Basil Harris is like a real-world Dr. McCoy. He and his small team at Final Frontier Medical Devices have created a Star Trek Tricorder, like the fictional one that Bones McCoy carried around in the TV series decades ago. And they did such a good job in their five-year journey that they recently won a total of $3 million in prizes in the Qualcomm Tricorder Xprize contest.
I interviewed Harris at an event at Silicon Valley Comic-Con, which takes place Friday through Sunday at the San Jose Convention Center in San Jose, Calif. With its blend of fictional entertainment and real-world technology, the Tricorder is just the kind of gadget that fits well at the show.
“I still can’t believe it,” Harris said about winning the prize, which included milestone money and a $2.6 million final award.
Harris showed off DxtER (pronounced Dexter), which is a collection of devices that measure your vital signs. When Harris demoed it to me, I could tell he was a little nervous, as his blood pressure was high. I could see it on the iPad tablet that was receiving a signal from the sensor attached to Harris’ body.
The devices — such as sensors you strap to your side — are meant to empower patients.
“We wanted to put Dr. McCoy in the device, so that you don’t have to rely on the medical doctor for everything,” Harris said. “The Xprize foundation said you not only have to give the information, but you also have to program Dr. McCoy into it so someone with no medical knowledge can operate it.”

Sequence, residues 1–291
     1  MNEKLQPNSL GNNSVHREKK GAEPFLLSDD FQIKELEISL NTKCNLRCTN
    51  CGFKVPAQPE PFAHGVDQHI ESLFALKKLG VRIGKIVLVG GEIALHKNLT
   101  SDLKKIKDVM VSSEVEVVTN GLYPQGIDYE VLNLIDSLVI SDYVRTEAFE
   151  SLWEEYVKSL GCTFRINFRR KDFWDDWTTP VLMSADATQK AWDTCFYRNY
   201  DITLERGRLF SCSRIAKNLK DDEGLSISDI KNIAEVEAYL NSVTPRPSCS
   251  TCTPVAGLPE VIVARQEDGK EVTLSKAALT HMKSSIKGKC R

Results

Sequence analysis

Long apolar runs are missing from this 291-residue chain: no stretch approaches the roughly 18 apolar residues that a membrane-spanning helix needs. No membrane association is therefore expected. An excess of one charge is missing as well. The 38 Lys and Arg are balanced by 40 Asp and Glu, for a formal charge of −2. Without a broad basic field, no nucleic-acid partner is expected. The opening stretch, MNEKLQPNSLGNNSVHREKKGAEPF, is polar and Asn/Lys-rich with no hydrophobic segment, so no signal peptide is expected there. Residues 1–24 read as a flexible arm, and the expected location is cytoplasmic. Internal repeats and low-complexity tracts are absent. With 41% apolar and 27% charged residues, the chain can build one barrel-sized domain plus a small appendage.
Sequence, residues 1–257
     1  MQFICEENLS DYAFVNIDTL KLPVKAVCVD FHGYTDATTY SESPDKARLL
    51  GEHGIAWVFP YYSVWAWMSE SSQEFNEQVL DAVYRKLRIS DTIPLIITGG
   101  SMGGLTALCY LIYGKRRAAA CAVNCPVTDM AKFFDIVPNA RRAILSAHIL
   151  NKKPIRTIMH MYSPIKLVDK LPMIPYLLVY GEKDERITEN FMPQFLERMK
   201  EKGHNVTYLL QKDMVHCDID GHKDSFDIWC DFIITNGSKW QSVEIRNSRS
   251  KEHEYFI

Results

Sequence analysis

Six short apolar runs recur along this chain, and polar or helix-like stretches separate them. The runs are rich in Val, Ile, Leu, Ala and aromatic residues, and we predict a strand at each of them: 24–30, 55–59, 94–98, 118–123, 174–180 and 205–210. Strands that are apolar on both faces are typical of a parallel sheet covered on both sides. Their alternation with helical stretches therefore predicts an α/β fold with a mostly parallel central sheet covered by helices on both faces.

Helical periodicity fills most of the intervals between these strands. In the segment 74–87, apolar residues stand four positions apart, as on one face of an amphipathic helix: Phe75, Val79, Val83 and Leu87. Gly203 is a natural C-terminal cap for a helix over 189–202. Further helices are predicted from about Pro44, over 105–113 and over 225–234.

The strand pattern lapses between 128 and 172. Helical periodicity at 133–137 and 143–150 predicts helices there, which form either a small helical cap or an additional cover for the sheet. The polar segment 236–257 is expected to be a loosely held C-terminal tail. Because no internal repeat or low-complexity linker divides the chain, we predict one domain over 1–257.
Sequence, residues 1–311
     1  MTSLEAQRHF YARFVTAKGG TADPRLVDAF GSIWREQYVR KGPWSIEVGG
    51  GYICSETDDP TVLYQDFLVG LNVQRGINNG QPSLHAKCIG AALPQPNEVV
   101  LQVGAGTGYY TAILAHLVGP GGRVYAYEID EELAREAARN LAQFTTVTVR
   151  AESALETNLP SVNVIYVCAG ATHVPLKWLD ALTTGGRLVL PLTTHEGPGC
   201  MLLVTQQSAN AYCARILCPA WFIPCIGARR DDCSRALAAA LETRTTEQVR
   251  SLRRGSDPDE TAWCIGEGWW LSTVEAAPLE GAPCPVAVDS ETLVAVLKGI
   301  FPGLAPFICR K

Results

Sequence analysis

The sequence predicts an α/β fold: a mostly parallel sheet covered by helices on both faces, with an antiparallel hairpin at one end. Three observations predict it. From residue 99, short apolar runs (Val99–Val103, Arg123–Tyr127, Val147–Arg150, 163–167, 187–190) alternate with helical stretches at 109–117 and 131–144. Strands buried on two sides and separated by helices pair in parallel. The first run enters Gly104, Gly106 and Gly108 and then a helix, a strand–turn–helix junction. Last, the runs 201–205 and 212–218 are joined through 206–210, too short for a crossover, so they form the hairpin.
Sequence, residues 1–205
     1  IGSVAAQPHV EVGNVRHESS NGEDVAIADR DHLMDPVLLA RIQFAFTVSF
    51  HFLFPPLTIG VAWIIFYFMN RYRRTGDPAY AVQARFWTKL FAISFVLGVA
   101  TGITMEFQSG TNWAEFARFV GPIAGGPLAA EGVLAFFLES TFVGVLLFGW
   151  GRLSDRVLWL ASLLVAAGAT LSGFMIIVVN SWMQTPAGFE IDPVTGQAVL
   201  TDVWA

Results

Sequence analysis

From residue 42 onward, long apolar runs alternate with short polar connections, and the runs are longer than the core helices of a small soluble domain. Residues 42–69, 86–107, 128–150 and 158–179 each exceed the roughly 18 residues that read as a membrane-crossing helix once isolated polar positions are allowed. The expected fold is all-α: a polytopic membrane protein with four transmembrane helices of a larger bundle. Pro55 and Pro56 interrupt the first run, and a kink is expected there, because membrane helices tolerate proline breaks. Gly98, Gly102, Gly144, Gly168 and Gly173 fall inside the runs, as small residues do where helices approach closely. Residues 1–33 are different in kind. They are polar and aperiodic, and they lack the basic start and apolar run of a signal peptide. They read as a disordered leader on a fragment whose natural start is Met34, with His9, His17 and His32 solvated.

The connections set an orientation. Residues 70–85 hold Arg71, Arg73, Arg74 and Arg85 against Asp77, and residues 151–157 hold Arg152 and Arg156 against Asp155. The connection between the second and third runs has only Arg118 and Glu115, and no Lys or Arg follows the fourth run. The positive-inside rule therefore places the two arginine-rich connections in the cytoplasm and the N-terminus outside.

The Xprize contest required contestants to be able to diagnose 13 conditions and monitor five vital signs. Harris, who is an emergency room doctor, and his brother George led a team of seven at the company (also known as Basil Leaf Technologies) that worked on nights and weekends to create DxtER. The prototype can now detect 34 conditions, but before bringing it into the world Harris said it will need to detect more than 100 conditions to be really useful.
It currently detects conditions such as stroke, anemia, diabetes, tuberculosis, Hepatitis A, and others. If your vital signs reach dangerous levels, it could give you a warning about the risk of an imminent stroke or heart attack. Harris is targeting a price of around $200. That’s not a bad deal.
But Harris adds, “We’re not trying to replace the doctor. We want you to have this information so you can interface with the doctor.”
The device has a couple of sensors that attach directly to your fingertips. Over time, Harris wants to shrink that down into the form factor of a watch. That part of the device shines infrared light into your finger and detects your blood flow. From that, it gets data on your white blood cell count and your heart rate. It also has sensors strapped to your side that measure your EKG details. It sends that data via Bluetooth to your smartphone.
“We do it all non-invasively, getting a reading on glucose, hemoglobin count, and white cell count without drawing any blood,” Harris said.
Harris’ Pennsylvania-based team managed to beat out 28 other teams, including runner up Dynamical Biomarkers Group, a team from Taiwan led by Harvard’s Chung-Kang Peng. Dynamical Biomarkers won $1 million.
The nonprofit XPrize Foundation was started in 1995, and it organizes contests designed to spark big leaps in innovation.
The Harris brothers grew up watching Star Trek. While Basil Harris was interested in medicine, George Harris became a network engineer. The combination of their skills helped them create the tricorder.
The team has built 65 devices so far, and these have all gone through testing at the University of California at San Diego. The device is now going through testing with the Food and Drug Administration, but it might be about three years before all of the tech comes to the market, Harris said.